- Life Style
TUNIS — Tunisia's constituent assembly adopted a provisional constitution that will allow the north African country to name a government, a month and a half after its first post-revolution election.
The 217-member assembly approved each of the 26 clauses of the document individually to get state institutions back on the move before voting on the entire basic law.
The vote — 141 in favour, 37 against and 39 abstentions — came after a five-day often tumultuous debate which saw hundreds of people demonstrating calmly outside the assembly building shouting slogans demanding "Freedom and Dignity".
"The people are sick of waiting. Let's get down to work, enough messing around," one lawmaker from the dominant moderate Islamist Ennahda party, Amar Larayedh, shouted shortly after the session began on Tuesday.
The outgoing government of Beji Caid Essebsi, formed after the ouster on January 14 of dictator Zine el Abidine Ben Ali, has officially resigned and many Tunisians have expressed growing impatience at the institutional limbo.
The election of a president and creation of a new government could only take place once lawmakers adopted the "mini-constitution", laboriously drawn up over two weeks after the elections.
"This is a historic moment, a memorable night, the beginning of a new Tunisia," said assembly president Mustapha Ben Jaafar, as deputies sang the national anthem and those of Ennahda, which has 98 deputies, congratulated each other on the outcome of the vote.
Ben Jaafar said he was "proud to head an assembly that groups Tunisia's best thanks to the revolution of its brave people".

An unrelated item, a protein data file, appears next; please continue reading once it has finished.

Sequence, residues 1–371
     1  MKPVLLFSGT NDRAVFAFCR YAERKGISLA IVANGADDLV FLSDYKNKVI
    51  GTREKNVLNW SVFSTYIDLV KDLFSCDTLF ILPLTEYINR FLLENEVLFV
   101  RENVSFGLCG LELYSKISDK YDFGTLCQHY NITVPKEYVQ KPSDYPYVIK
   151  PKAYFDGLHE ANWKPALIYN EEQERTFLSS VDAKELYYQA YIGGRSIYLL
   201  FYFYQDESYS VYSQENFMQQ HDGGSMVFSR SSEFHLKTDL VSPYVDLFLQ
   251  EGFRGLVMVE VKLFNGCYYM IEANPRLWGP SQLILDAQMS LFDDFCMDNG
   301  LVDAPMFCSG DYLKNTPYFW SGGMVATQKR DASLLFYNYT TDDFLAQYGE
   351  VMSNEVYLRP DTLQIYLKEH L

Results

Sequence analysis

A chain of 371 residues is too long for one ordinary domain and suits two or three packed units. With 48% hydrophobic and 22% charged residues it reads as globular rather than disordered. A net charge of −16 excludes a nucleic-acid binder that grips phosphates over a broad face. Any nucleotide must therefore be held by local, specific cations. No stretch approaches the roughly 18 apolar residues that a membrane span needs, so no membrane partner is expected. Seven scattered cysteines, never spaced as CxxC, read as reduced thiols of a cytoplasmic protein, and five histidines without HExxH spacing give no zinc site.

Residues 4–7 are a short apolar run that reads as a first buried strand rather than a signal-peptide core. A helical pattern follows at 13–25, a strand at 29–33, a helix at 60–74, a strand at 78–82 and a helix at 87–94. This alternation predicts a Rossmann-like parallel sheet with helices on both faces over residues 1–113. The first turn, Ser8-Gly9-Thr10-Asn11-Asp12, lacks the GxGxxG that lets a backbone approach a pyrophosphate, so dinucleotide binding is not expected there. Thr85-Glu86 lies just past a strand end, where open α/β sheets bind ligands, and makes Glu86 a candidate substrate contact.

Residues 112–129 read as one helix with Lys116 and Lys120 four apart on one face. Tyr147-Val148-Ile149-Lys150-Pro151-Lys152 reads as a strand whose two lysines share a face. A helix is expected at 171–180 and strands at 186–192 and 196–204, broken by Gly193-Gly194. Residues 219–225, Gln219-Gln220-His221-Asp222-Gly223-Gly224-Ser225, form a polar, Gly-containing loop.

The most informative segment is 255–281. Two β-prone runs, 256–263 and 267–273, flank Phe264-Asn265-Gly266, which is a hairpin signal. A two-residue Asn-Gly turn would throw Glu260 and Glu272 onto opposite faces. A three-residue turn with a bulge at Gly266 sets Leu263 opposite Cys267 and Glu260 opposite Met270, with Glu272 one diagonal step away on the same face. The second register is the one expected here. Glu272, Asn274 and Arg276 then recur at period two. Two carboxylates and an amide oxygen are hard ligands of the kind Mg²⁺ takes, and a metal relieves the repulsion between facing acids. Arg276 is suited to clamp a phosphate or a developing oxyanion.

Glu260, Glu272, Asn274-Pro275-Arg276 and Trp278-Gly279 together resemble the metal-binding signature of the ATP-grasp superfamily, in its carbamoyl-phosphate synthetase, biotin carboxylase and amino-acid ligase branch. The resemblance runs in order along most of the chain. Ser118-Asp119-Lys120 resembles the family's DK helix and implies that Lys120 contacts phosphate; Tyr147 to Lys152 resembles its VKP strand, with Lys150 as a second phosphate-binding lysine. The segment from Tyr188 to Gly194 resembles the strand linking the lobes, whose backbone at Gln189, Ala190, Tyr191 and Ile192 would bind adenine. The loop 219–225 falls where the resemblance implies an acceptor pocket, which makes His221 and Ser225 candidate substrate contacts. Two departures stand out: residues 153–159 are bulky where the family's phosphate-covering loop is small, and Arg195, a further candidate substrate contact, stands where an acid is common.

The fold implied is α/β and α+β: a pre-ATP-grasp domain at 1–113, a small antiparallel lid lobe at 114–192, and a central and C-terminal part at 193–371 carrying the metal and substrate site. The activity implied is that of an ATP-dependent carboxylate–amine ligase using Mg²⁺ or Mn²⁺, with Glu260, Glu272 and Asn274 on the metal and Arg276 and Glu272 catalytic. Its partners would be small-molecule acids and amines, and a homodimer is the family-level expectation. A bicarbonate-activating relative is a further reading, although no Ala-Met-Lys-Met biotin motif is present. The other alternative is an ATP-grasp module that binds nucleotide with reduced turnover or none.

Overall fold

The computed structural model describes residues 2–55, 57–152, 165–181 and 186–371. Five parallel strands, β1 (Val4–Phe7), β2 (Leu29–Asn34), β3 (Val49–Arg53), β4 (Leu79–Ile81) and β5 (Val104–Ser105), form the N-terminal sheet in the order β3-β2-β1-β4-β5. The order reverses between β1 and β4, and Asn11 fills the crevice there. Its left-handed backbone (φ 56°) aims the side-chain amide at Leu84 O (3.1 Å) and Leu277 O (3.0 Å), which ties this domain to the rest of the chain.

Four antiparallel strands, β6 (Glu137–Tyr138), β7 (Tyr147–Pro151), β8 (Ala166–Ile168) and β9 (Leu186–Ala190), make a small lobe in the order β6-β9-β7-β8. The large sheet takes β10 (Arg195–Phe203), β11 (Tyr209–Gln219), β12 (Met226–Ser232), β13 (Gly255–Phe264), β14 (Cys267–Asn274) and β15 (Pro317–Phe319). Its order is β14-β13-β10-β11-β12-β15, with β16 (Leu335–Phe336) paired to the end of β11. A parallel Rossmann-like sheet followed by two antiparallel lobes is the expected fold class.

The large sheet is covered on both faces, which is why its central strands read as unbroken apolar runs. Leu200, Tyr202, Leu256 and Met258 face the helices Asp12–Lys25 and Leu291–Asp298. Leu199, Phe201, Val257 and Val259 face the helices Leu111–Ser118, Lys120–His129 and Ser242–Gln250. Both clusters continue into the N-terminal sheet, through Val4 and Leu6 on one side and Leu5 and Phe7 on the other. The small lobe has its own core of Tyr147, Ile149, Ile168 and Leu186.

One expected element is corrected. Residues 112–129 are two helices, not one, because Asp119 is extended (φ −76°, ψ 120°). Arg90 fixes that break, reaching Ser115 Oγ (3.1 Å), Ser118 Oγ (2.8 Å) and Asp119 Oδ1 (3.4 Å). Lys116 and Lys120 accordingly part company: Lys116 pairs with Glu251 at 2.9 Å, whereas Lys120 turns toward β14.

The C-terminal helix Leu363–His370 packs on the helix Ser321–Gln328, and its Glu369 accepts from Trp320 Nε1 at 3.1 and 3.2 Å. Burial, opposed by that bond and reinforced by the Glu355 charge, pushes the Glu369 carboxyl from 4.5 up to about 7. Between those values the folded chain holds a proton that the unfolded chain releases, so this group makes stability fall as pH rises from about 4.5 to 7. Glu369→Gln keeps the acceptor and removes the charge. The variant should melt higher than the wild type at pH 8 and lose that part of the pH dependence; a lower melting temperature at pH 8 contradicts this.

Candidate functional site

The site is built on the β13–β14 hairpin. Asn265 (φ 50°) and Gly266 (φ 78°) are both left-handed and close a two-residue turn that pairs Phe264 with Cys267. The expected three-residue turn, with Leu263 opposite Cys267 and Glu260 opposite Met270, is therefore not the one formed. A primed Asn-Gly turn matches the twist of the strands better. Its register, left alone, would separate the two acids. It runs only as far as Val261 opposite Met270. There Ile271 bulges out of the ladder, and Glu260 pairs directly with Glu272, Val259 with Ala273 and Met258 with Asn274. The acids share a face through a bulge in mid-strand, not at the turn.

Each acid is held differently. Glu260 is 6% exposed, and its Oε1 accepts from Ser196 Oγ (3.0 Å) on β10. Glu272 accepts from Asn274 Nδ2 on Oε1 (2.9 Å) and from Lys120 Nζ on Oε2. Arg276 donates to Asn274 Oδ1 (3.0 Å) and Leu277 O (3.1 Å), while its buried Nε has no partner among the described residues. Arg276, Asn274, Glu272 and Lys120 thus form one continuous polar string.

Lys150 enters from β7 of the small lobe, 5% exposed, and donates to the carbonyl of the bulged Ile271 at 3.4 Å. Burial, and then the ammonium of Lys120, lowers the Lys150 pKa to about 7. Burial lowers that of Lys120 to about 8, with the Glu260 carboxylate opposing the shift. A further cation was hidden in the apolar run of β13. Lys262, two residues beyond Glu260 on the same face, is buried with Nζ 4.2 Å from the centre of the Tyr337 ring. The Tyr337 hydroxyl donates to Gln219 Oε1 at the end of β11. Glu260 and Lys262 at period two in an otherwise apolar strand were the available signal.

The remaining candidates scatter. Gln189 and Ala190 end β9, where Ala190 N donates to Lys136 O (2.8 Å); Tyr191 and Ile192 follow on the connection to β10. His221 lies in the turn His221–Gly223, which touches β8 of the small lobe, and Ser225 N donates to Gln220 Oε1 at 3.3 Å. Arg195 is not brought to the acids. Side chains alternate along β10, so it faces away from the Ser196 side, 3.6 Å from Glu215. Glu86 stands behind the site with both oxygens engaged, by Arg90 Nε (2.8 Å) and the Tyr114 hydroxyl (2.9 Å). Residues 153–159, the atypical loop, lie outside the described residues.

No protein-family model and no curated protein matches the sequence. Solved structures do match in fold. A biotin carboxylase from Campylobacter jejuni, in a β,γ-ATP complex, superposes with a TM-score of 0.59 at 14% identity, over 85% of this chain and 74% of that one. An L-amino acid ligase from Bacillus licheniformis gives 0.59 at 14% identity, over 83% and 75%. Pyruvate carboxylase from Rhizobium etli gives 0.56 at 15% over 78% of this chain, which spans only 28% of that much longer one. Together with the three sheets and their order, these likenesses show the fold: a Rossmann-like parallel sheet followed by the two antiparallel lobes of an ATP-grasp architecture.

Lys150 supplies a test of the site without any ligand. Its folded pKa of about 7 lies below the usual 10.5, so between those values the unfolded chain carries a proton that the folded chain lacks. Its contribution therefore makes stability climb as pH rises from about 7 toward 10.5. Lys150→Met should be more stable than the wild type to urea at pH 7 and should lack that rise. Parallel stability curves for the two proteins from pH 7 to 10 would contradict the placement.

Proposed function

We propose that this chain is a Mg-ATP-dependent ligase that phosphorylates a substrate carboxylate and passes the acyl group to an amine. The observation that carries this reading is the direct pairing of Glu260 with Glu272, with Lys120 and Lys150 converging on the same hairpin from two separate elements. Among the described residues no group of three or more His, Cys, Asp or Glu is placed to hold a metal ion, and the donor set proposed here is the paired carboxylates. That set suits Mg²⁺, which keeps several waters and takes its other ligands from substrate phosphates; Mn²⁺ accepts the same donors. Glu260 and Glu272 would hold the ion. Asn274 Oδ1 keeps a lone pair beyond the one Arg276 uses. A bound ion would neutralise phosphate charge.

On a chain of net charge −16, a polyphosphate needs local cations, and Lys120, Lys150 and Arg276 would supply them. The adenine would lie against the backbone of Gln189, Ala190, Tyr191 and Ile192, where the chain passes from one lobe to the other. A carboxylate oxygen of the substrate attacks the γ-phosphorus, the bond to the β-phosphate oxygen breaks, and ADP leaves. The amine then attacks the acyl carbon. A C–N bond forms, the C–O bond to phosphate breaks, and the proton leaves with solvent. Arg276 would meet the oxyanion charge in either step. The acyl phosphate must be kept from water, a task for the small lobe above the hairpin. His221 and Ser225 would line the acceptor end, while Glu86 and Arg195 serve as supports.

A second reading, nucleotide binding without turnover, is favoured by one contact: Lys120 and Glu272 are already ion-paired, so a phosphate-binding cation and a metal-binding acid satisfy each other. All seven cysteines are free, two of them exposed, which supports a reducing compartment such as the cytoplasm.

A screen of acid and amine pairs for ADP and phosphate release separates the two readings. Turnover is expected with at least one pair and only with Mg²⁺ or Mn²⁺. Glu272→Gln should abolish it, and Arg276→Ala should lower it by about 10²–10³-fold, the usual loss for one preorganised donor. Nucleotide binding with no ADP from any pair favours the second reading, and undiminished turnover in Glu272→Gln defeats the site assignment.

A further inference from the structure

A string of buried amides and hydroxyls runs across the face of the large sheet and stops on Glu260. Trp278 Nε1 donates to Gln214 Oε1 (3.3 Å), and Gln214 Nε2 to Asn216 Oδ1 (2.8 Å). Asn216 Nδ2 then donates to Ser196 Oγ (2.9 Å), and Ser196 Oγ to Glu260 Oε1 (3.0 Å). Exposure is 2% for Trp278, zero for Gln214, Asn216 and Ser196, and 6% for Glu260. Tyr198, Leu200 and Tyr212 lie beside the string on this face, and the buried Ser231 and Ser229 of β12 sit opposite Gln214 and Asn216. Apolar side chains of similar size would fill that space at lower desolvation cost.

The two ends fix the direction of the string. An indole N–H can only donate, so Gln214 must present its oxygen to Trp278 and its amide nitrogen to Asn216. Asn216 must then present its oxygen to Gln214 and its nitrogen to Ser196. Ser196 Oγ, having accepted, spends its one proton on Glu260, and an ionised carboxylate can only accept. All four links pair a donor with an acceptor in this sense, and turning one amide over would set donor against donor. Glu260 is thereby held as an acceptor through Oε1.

The adopted document outlines the conditions and procedures to follow by the country's executive, legislature and judiciary until general elections are held, possibly in a year, and until a final constitution is agreed.
Ben Jaafar said candidacies for the presidency were open and added that the new head of state would be elected on Monday afternoon.
Moncef Marzouki, head of the Congress for the Republic Party, which has 29 deputies, was widely expected to take over the presidency and name Hamadi Jebali, the number two of the Ennahda party, as prime minister.
The ruling coalition of Ennahda and two left-wing parties, the Congress for the Republic Party and Ben Jaafar's Ettakatol, which has 20 deputies, had earlier agreed on this scenario for a transfer of power.
Under the provisional constitution the president must be "exclusively Tunisian, of the Muslim religion", the child of Tunisian parents and at least 35 years old.
During heated debates some deputies had backed allowing candidacies of people with dual nationalities and expressly giving each Tunisian man and woman the right to stand in presidential elections.
The opposition boycotted Saturday's vote, arguing that the prime minister will hold too many powers at the expense of the president.
The president will outline the country's foreign policy in agreement with the head of government, and is the head of the armed forces. But he only names or dismisses senior officers in agreement with the prime minister.
Another controversial provision hands over executive and legislative powers to the president of parliament, the head of state and the prime minister in the event of force majeure, and not only to the prime minister.
Ordinary Tunisians, as well as the press and social media, followed the debates which were broadcast live by television with unprecedented interest.